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Home & Building, Volume 12 Number 6 (June-July 1950)

Some Dramatic Flower Arrangements

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Some Dramatic Flower Arrangements

From "Flower Arranging" and "Homes and Flowers" by courtesy of The Coco-Cola Company.

We are indebted to The Coco-Cola Company, of Atlanta, Ga., for produced and printed and to date several million copies have been permission to reproduce selections from the second and third volumes distributed. In an introduction to the second volume, Richardson of their excellent series of handbooks on flower arranging, the first Wright, Editor-in-Chief of "House & Garden" and Chairman of the of which appeared in 1940. The books are the work of Laura Lee International Flower Show Committee, refers to the increasing role Burroughs and the two which we have contain some of the most of flowers in home decoration and the growth of flower arranging brilliant floral compositions we have ever seen. They are splendidly as a cultural interest.

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These examples, excellent though they are, are intended rather to stimulate the imagination than to be copied exactly. As Laura Lee Burroughs says, "You do not have to have the same flowers that we have used, nor the same containers. Perhaps the pictures will inspire you to use a piece of pine in a different way, a gnarled root or maybe leaves that you had overlooked. Weeds, vegetables, sugar cane, succulents, ice cubes, cacti, seed pods and sticks and stones—all have possibilities. The way things are assembled—the design behind the arrangement—is what makes them interesting. Remember—those arrangements that are really the most fun are the ones you make out of some ridiculous everyday material that others look [unclear: a] but do not see."

Before you start, collect your tools and accessories. You'll need holders, chicken page break wire, scissors, clippers, clay, syphon and vases and bowls of various and good shapes which are not necessarily expensive. Then study your flowers, their personality, design and colour — and visualise the complete composition. Be prepared for disappointments but also be prepared for the enthusiastic praise of your friends.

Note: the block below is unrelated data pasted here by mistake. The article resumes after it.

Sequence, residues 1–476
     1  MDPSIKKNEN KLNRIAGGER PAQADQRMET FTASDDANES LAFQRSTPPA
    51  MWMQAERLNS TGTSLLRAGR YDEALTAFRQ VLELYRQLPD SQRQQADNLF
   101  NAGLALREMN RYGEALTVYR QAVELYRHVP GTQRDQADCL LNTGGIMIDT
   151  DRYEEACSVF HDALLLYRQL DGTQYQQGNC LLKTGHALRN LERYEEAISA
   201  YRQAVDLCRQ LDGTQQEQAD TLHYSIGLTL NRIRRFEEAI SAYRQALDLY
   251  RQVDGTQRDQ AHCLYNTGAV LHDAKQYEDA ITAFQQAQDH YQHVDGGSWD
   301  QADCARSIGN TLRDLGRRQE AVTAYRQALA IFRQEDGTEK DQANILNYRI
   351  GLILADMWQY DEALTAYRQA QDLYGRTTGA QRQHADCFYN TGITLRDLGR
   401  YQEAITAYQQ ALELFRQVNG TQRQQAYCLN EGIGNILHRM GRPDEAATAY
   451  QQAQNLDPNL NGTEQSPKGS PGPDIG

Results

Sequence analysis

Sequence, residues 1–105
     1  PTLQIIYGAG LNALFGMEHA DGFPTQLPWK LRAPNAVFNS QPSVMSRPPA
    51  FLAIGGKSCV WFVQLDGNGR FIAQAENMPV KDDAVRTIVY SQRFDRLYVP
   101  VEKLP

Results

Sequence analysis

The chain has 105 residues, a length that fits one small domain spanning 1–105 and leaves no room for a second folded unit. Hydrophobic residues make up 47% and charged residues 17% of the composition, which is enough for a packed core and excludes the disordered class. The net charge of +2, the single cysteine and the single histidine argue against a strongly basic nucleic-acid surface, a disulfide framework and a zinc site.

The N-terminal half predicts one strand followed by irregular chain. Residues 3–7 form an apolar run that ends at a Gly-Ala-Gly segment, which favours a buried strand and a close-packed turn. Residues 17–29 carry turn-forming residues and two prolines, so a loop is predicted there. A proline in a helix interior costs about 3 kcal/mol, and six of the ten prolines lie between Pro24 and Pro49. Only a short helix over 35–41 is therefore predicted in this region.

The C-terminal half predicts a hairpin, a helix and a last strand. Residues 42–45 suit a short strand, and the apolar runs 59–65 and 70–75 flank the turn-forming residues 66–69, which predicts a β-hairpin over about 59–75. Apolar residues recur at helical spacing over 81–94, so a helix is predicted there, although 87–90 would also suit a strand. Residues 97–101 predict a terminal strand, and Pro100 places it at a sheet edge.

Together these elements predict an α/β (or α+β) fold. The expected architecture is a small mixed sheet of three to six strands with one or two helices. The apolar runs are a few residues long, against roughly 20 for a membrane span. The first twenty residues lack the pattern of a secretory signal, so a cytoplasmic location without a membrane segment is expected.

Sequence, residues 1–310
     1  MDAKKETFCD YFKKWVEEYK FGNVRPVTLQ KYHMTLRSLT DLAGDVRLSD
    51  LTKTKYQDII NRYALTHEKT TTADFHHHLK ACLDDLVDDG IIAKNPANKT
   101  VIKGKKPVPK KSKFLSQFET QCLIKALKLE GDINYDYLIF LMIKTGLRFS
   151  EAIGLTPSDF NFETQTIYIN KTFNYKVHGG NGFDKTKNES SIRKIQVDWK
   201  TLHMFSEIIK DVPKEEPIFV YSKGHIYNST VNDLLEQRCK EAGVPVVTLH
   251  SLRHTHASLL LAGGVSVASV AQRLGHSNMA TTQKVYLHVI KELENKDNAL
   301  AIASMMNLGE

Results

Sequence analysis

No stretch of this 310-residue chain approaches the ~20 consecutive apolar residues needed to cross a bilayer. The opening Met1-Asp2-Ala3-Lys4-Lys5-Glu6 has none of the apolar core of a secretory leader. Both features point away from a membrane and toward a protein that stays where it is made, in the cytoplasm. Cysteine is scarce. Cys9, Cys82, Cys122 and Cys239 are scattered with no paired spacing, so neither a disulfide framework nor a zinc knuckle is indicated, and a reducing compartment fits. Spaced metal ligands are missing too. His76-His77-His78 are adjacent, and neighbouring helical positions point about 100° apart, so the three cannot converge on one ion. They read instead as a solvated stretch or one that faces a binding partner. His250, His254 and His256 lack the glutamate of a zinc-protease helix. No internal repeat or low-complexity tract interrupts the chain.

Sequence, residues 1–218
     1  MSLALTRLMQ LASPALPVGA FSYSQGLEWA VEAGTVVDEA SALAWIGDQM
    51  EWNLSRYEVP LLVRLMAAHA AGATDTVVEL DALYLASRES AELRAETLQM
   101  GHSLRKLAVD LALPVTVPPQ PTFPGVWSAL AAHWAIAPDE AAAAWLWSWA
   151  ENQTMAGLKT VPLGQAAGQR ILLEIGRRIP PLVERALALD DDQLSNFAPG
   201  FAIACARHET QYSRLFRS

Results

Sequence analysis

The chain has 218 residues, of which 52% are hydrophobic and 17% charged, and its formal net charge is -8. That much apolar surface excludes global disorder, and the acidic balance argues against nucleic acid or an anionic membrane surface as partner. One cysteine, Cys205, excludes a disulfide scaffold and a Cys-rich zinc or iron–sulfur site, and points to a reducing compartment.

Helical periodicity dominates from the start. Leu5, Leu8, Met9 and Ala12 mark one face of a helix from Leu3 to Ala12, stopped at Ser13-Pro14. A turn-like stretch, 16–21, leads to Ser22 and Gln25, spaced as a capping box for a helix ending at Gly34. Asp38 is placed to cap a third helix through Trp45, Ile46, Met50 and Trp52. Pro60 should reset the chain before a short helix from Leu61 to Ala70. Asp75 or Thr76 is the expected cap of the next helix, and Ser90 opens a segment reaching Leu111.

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1.Pitcher Plant—These so-called flowers are really the leaves of the plant Sar racenia, which was discovered a long time ago by Dr. Sarrazin of Quebec. The stiff straight leaves look well in modern bowls and surroundings. They are arranged here in an American pottery bowl. The little fawns were used as twins and the "leaves" turned so that their tops repeated the line of the ears of the fawns. The tallest leaf of the pitcher plant was fastened in the needle holder first. Others, cut at different lengths, were graduated down with leaves of the yucca adding a staccato effect. All the stems were placed as closely together as possible. The pitcher plant leaves have a delicate veining all through them which is similar to the crackled texture of the pottery bowl.
2.Corn and Seed Pods Far from florists and in a creative mood, this arrangement was planned and created in ten minutes—two stalks of corn and a few seed pods of koelreuteria, the golden-rain-tree. The corn, cut to different lengths was stuck into a heavy needle holder in a pipe organ position. The seed pods were spiralled round the corn, the highest pod fastened into the highest piece.
3.Chinese Inspiration These Chinese dogs—we don't know whether they're pleased or not—form a very definite part of this composition of tulips, tulip buds and variegated pandanus leaves. The flowers are in a Chinese pillow vase, another slightly larger, being used, for the base. As there were only a few tulips they were made subordinate to the pandanus, which tower over them.